It’s important to wash rice before eating it, as this removes the starches from the grain’s surface.
This will make the rice grains stickier while they cook, resulting in a pleasantly even consistency. Instead of cooking tougher or stringy rice, you’ll end up with a fluffy, tastier dish.
Washing your rice won’t take that long, but it’s a simple step to making it a lot tastier. Practically every chef recommends washing rice before cooking with it, but does the same advice ring true for enriched rice?
The answer depends on how the rice was enriched. The process involves adding micronutrient powders to the grains. The substance sticks to each rice grain to add nutrients to the rice as a whole.
Rice manufacturers can also do this by spraying the grains with the desired nutrients.
Both methods of enriching rice involve coating the rice grains with nutrients. As washing the rice will wash the starch, as well as other substances off from the grains, the nutrients can be removed from washing the rice too.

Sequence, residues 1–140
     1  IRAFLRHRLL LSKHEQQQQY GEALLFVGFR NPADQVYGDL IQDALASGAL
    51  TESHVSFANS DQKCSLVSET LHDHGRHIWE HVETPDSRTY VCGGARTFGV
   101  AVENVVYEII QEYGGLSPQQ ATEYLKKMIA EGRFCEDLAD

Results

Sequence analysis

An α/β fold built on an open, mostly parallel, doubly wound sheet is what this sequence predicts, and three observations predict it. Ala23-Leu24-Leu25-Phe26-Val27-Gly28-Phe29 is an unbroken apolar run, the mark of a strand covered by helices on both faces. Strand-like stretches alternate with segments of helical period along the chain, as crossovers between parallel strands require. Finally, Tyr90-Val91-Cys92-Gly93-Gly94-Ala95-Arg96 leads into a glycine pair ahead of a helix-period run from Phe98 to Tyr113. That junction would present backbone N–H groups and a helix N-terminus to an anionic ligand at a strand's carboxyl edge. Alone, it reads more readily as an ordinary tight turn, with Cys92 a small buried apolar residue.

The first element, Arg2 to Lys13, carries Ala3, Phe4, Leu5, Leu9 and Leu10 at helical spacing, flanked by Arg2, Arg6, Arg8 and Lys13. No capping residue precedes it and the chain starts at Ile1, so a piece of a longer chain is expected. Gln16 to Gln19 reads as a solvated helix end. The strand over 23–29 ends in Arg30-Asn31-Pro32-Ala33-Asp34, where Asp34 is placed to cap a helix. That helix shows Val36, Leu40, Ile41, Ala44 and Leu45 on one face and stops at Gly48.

The whole point of enriched rice is that it is more nutritious than traditional white rice, so you should avoid washing it. Any dirt or undesirable substances will have already been eliminated from the rice during production.
Remember to use exactly the right amount of water to prepare enriched rice. If too much water is used, you’ll wash away some of the rice’s nutrients while you drain it.
Are Converted Rice And Enriched Rice The Same Thing?
Another form of rice that is like enriched rice is converted rice. Converted rice was designed to have more nutritional value than regular rice.
Converted rice is produced differently from enriched rice. The process aims to solve the issue of coating the rice grains with nutrients so that they can’t be removed as easily. This is done through steaming.
Converted rice involves husking the grains after they have been steamed. As the rice has soaked up water, then boiled with intense steam, the nutrients are held underneath the husk within the rice’s layers.
This allows the nutrients to stay within the grain, even after they have been husked.